Despite ‘Religious War’ over Fossil Fuels, Texas Lawmakers Approve $1.8 Billion for Microgrids

June 9, 2023
During the Texas Legislature's recent session, renewables were blamed for causing the outages related to Winter Storm Uri. But a resilience bill providing $1.8 billion for microgrids passed, thanks to the efforts of a coalition of microgrid companies.

During its tumultuous legislative session, the Texas Legislature May 29 passed SB 2627, which will provide $1.8 billion in grants and incentives for microgrids and electric vehicle bus batteries, with an eye toward boosting energy resilience in a state that’s grappling with climate-driven harsh weather and power outages.

The money, however, still has two steps to approval. First, it must be approved by Gov. Greg Abbott, which is expected. And because the legislation changes an existing law relating to funding mechanisms to support the construction, maintenance and modernization of dispatchable electric generating facilities, it must be approved by voters in January, according to the Lone Star Chapter of the Sierra Club.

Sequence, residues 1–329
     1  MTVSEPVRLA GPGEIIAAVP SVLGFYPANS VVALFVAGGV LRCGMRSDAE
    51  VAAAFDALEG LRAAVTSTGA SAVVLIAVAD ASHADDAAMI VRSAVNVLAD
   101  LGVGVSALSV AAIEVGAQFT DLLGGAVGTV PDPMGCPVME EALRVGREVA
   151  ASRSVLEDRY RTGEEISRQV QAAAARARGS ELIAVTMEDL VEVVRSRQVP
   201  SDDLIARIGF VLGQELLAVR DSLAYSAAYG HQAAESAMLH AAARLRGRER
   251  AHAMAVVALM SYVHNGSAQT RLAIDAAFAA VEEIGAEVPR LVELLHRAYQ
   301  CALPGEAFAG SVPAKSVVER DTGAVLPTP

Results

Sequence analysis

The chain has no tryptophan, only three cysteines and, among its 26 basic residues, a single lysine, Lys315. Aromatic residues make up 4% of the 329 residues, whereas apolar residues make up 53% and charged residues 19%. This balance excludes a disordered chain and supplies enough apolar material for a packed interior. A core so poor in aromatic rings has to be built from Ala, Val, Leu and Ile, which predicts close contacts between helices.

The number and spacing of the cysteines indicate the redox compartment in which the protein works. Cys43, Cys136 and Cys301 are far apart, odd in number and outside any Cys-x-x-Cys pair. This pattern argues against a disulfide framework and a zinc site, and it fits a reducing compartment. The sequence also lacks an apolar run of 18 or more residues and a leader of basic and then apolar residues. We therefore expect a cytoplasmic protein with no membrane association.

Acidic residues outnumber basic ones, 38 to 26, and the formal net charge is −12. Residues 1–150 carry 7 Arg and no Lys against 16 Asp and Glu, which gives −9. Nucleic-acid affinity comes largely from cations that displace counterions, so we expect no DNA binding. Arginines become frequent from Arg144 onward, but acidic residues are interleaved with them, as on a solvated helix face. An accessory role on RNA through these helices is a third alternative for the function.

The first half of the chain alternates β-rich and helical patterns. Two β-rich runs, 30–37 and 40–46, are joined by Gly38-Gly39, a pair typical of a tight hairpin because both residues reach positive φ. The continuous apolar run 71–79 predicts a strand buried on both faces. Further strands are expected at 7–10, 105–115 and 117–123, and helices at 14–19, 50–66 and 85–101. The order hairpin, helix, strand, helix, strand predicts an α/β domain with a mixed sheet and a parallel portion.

Rather than relying on funding from ratepayers, the bill includes a $5 billion set-aside in budget surplus funds.

The resilience measure was approved despite arguments in the legislature that renewable energy on the grid was responsible for the power outages that resulted from Winter Storm Uri in 2021, which knocked out power to two out of three Texans, shut off water to nearly half and was linked by public health officials to 210 deaths.

Under SB 2627, grants for microgrids are limited to $500/KW of capacity for facilities sized up to 2.5 MW, said Joel Yu, vice president of policy for Enchanted Rock, which proposed the original language for the measure as a member of Grid Resilience in Texas (GRIT), a coalition supporting the legislation. PowerSecure, Sunnova and Wartsila are also part of the coalition. To qualify for the funds, microgrids must also provide 48 hours of continuous operation. The grants could pay for 30% to 50% of project costs, Yu said.

In a compromise, GRIT’s proposed legislation was combined with a measure to provide $8.2 billion in low-interest financing for dispatchable generation projects that are expected to be mostly fossil-fired.